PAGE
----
I took this newfound passion for glass to other assignments, including an article for the local Times-Picayune newspaper about some outstanding wine glass bottles from New Orleans (figure 6). These bottles were made in a sizable French glass manufactory owned by famed New Orleans furniture retailer and businessman Francois Seignouret (French, active New Orleans, 1783–1852), which sat alongside his vineyard in Bordeaux. Seignouret brought French furniture and wine to New Orleans, carefully labeling everything, including these bottles, with his name. The bottles exemplify a centuries-long connection to France while concurrently telling an important story about the importance of wine to the city.
I have also been exploring an 1850s Bohemian glass goblet showing New Orleans (figure 7). Seemingly a rose-colored souvenir meant to evoke rosy memories, the engraved cityscape contains deeper stories. The goblet proudly features both the city’s iconic St. Louis Cathedral and the St. Charles Hotel (built 1837, burned 1851). Many of the laborers responsible for erecting these iconic structures were enslaved, their hands laying the bricks, molding the ironwork, and crafting the intricate plaster details that adorned these landmarks. The elegant St. Charles was a site for the auction of enslaved people at the time this goblet was made. Research reveals that the stories of these people, which history has sometimes occluded, are quite literally etched into the glass. It is because of objects like this that I am now so fervent about glass and its storytelling possibilities.
This summer, NOMA presented Fashioning America: Grit to Glamour (figure 8), an exhibition organized by the Crystal Bridges Museum of American Art. Again, I was both intrigued and slightly worried by the opportunity to contribute to this project, as it was another area where I had little experience aside from a six-week textile block in the Winterthur Program in American Material Culture, during which we did not cover Air Jordan sneakers, Levi’s jeans, or 1950s metallic thread swimsuits! My specific contribution to this project was to engage with the bilingual presentation in Spanish and English, to enable a whole new audience to experience all the beautiful stories in this show. I have been able to give tours of the exhibition in Spanish and made sure that NOMA’s content for both marketing and all of the exhibition labels capture the nuance of Spanish language properly. One of our stumbling blocks was working with the translation of the title Grit to Glamour. Those words and alliteration are catchy and meaningful in English, but a direct translation (de la rudeza al glamour) is akin to “Gore to Glamour” so fellow Spanish speakers on staff and I suggested the title “De la Firmeza al Glamour,” to better capture the intended gumption and spirit. This project was a labor of love as well as a use of my material culture and language skills. Growing up with parents who do not speak English, I was always having to translate to my Colombian parents whenever we went to museums. By sharing this show in Spanish, visitors like my parents can experience the show to its fullest extent—without the inherent barrier of language. This gift to them and my community is perhaps my proudest accomplishment during my time at NOMA.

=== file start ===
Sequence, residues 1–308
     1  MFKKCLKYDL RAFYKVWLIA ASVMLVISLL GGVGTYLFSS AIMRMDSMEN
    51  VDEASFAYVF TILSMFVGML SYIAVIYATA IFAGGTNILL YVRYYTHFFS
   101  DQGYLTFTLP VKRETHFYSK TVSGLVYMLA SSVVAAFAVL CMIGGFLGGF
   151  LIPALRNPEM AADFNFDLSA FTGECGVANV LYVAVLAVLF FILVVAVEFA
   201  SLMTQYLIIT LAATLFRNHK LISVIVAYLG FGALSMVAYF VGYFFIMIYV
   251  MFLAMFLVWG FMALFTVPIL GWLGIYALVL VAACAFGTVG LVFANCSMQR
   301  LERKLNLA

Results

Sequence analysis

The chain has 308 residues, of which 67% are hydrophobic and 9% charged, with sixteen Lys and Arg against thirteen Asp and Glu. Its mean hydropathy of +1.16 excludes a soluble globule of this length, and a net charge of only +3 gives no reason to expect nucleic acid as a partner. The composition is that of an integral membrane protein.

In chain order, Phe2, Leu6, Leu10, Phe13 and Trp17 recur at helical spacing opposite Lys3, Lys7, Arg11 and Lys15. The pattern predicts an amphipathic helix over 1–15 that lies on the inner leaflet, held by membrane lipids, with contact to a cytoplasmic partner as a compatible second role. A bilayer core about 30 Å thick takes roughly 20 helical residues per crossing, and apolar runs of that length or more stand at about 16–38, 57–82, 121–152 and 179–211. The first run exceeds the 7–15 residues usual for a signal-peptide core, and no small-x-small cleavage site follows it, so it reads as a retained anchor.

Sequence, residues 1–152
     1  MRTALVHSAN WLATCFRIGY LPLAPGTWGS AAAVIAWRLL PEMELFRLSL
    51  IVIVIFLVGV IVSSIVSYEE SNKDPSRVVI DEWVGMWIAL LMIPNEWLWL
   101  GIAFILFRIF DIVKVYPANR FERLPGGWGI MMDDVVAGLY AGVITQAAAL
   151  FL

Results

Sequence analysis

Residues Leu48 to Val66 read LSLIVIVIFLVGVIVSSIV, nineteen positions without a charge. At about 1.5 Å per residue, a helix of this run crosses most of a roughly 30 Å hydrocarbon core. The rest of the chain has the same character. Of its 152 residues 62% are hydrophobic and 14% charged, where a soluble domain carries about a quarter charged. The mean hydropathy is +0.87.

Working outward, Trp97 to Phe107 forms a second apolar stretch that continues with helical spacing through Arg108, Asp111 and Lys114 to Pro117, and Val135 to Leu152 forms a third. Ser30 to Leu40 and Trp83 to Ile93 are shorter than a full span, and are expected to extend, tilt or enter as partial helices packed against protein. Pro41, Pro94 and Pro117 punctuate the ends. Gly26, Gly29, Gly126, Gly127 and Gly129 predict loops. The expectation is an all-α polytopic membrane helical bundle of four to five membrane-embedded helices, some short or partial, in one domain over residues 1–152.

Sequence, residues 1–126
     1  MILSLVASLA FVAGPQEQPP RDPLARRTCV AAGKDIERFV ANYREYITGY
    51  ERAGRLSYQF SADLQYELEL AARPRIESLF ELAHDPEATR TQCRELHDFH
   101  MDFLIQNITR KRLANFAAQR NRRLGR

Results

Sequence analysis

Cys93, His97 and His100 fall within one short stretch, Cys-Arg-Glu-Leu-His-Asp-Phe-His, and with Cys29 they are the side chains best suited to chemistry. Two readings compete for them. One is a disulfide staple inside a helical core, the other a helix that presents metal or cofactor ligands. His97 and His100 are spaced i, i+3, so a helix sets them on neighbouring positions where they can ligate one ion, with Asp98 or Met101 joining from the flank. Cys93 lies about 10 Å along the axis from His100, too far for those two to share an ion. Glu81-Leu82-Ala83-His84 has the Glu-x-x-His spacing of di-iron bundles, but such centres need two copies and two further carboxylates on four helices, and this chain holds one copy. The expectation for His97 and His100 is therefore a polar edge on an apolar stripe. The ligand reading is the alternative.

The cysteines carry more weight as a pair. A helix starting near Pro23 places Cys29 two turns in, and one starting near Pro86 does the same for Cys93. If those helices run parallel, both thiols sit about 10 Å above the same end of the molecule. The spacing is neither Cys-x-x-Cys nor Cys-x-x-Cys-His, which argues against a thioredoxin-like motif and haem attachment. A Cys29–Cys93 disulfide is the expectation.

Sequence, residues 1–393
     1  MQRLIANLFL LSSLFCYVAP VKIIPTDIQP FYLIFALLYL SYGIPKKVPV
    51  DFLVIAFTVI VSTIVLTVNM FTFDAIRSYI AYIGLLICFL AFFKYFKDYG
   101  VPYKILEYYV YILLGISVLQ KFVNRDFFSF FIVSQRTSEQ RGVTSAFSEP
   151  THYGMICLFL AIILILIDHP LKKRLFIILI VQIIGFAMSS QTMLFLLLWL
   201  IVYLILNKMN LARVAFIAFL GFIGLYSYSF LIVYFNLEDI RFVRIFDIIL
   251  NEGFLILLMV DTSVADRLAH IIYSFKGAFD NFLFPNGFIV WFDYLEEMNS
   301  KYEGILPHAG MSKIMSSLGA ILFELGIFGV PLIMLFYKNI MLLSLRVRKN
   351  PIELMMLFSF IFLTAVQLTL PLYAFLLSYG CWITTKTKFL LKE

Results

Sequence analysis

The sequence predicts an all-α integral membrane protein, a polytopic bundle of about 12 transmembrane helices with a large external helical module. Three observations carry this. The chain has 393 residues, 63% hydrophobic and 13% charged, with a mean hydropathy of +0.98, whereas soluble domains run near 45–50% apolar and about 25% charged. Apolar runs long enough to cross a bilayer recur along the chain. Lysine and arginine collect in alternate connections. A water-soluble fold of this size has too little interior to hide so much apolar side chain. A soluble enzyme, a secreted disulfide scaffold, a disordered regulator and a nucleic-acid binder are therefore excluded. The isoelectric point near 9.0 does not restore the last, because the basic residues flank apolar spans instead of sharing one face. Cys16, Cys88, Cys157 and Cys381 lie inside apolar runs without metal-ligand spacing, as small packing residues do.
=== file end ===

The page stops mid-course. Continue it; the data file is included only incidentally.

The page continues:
Thanks to my Decorative Arts Trust Curatorial Fellowship, I have learned an extraordinary amount in my first year about glass, rings, fashion, and how all of these different objects are ways to convey stories about people. I have been able to sit at the table as a member of the museum’s curatorial department, and my growth as a curator has been remarkable. As much as Mel Buchanan and the New Orleans Museum of Art team has given me in opportunities and guidance, I hope I am able to give back to them in enthusiasm, probing questions, and engaged research that helps to pull stories from the historical margins.
Laura Ochoa Rincon is the Decorative Arts Trust Curatorial Fellow at the New Orleans Museum of Art.